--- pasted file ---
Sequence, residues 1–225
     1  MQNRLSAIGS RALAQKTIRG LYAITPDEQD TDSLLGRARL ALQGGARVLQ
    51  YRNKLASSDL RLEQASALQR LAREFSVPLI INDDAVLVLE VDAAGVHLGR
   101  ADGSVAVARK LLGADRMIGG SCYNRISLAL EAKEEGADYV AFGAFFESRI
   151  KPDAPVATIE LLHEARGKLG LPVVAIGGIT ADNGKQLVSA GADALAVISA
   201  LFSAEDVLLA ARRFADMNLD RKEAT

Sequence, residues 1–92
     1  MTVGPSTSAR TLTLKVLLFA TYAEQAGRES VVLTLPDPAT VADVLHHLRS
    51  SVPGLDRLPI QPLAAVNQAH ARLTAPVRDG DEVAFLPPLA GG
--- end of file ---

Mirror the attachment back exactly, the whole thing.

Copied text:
Sequence, residues 1–225
     1  MQNRLSAIGS RALAQKTIRG LYAITPDEQD TDSLLGRARL ALQGGARVLQ
    51  YRNKLASSDL RLEQASALQR LAREFSVPLI INDDAVLVLE VDAAGVHLGR
   101  ADGSVAVARK LLGADRMIGG SCYNRISLAL EAKEEGADYV AFGAFFESRI
   151  KPDAPVATIE LLHEARGKLG LPVVAIGGIT ADNGKQLVSA GADALAVISA
   201  LFSAEDVLLA ARRFADMNLD RKEAT

Sequence, residues 1–92
     1  MTVGPSTSAR TLTLKVLLFA TYAEQAGRES VVLTLPDPAT VADVLHHLRS
    51  SVPGLDRLPI QPLAAVNQAH ARLTAPVRDG DEVAFLPPLA GG